On 17 Jan 2013, at 16:01, Telmo Menezes wrote:

On Thu, Jan 17, 2013 at 3:01 PM, Bruno Marchal <marc...@ulb.ac.be> wrote:

On 17 Jan 2013, at 13:32, Telmo Menezes wrote:

Hi all,

Naive question...

Not being a physicists, I only have a pop-science level of understanding of the MWI. I imagine the multi-verse as a tree, where each time there is more than one possible quantum state we get a branch. I imagine my consciousness moving down the tree.

Suppose Mary performs the Schrodinger's cat experiment in her house and Joe does the same in his house. They both keep the animals in the boxes and don't take a peak. Don't tell PETA. They meet for a coffe in a nearby coffeeshop.

So now we have four possible universes where Mary and Joe can meet. But from the double slit experiment we know that the cats are both still dead+alive in the current universe. Right? So are Mary and Joe meeting in the fours universes at the same time?

Let a = alive, d = dead, and the subscript 1 and 2 distinguishes the two cats, which are independent. Both cats are in a superposed state dead + alive:

(a1 + d1) and (a2 + d2),

so the two cats configuration is given by (a1 + d1) * (a2 + d2), with "*" the tensor product. This products is linear and so this give a1*a2 + a1*d2 + d1*a2 + d2*a2. Mary and Joe don't interact with any cats, so the global state is also a direct tensor product M * J * (a1*a2 + a1*d2 + d1*a2 + d2*a2), which gives:

M * J *a1*a2 + M * J *a1*d2 + M * J *d1*a2 + M * J *d2*a2

You can add the "normalization" constant, which are 1/sqrt(2) times 1/sqrt(2) = 1/2=

1/2 M * J *a1*a2 + 1/2 M * J *a1*d2 + 1/2 M * J *d1*a2 + 1/2 M * J *d2*a2

So the answer to your question is yes.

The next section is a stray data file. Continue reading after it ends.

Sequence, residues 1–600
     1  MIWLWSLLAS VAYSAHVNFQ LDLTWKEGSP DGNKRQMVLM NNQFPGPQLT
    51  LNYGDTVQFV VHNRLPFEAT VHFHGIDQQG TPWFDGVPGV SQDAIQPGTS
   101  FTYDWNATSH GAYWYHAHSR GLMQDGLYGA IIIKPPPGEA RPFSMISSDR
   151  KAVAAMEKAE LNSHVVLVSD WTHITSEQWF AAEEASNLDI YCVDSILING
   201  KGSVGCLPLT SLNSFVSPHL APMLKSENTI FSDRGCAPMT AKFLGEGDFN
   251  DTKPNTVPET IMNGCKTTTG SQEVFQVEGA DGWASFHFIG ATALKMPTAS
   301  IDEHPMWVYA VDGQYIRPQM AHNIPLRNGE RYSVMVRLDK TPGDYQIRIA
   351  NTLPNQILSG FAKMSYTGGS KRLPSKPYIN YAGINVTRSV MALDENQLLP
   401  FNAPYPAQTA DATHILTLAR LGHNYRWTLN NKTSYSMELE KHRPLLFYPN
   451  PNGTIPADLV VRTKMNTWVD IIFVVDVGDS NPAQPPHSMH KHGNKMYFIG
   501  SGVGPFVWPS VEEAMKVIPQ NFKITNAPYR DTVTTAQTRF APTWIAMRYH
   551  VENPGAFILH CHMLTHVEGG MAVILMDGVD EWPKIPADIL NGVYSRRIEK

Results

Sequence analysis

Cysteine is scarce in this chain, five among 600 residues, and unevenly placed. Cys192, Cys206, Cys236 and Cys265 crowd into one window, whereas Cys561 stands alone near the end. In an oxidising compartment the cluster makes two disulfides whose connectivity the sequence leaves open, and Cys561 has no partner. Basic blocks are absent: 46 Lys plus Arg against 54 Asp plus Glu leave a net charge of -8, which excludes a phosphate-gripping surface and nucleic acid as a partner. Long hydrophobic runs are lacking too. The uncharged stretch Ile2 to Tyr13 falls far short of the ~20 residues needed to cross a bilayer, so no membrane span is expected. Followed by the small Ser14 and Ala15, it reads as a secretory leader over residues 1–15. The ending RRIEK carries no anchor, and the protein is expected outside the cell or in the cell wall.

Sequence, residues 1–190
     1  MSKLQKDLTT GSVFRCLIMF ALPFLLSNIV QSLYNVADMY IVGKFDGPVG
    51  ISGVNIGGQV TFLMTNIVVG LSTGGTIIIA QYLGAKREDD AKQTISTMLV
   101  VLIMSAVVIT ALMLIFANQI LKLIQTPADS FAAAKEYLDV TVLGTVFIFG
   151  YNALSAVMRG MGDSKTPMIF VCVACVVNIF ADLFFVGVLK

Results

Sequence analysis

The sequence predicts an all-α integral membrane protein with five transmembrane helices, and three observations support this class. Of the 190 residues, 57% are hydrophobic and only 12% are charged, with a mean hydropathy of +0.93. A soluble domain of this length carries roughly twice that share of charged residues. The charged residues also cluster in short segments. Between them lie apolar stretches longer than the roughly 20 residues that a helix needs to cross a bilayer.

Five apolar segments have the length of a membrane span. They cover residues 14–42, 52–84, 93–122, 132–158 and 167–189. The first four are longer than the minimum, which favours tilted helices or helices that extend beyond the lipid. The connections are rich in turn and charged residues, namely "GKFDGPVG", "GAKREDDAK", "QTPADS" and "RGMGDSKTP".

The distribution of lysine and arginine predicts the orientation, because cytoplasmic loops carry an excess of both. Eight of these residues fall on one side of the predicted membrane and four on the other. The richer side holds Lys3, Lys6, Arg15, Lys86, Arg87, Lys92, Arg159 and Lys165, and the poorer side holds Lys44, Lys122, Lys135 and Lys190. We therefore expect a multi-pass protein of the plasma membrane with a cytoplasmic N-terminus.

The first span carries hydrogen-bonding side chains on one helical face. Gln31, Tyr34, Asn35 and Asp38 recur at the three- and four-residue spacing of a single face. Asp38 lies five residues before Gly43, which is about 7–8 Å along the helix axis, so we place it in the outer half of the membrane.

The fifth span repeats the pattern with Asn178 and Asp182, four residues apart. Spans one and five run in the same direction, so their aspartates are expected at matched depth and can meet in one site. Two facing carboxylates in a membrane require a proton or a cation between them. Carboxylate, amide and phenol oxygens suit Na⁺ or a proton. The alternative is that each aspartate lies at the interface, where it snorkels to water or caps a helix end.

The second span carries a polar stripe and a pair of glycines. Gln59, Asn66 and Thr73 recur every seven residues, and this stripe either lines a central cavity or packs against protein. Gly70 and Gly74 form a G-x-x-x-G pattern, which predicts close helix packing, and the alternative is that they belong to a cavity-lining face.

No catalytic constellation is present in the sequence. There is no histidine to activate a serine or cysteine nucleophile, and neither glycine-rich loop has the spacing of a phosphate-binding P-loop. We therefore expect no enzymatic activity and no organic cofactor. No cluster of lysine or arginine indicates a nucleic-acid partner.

Nice. Thanks Bruno!


To be sure, the normalizing factor does not mean there are four universes, but most plausibly an infinity of universes, only partitioned in four parts with identical quantum relative measure.

Sure, I get that.

Am I a set of universes?

You can put it in that way. You can be identified by the set of the universes/computations going through your actual states. But that is really a logician, or category theoretician manner of speaking: the identification is some natural morphism.

Well I think Bohr made the trick for the atoms. I think he defines once an atom by the set of macroscopic apparatus capable of measuring some set of observable.

That can be useful for some reasoning, but also misleading if taken literally, without making clear the assumed ontology.

Logicians often identify a world with a set of proposition (the proposition true in that world). But they identify also a proposition with the a set of worlds (the worlds in which that proposition is true). Doing both identification, you can see a world as a set of set of worlds. That is useful for some semantics of modal logics.

Those are examples of dualities, which abounds in logic, and which can be very useful when used which much care, and very misleading when forgetting that a morphism is not an identity relation.

To get the exact "number" of universes, we should first solve the marriage of gravity with the quantum. And with comp, we should also derive the Quantum from arithmetic (but that's not true, actually: with comp we have directly the infinities of "universes").

Ok, sounds good but I have to dig deeper. (moving my own understanding of what you're saying beyond the mushiness that it currently is)

I can recommend the reading of the book by David Albert "Quantum Mechanics and experience(*)". It is short and readable.

To get all the quantum weirdness, and quantum computation, you don't really need the Hilbert Space, a simple linear space, on the complex numbers, is enough, with a good scalar product. It is about infinitely easier to grasp quantum teleportation (and other very weird quantum things) than to derive the structure of the Hydrogen atom from the SWE. Quantum weirdness is simple! I don't follow David Albert on Bohm, and he could have been less quick on the Bell's inequality, ... and Everett, but it provides, imo, the best simplicity/rigor tradeoff to get the main "conceptual difficulties" of the QM theory.




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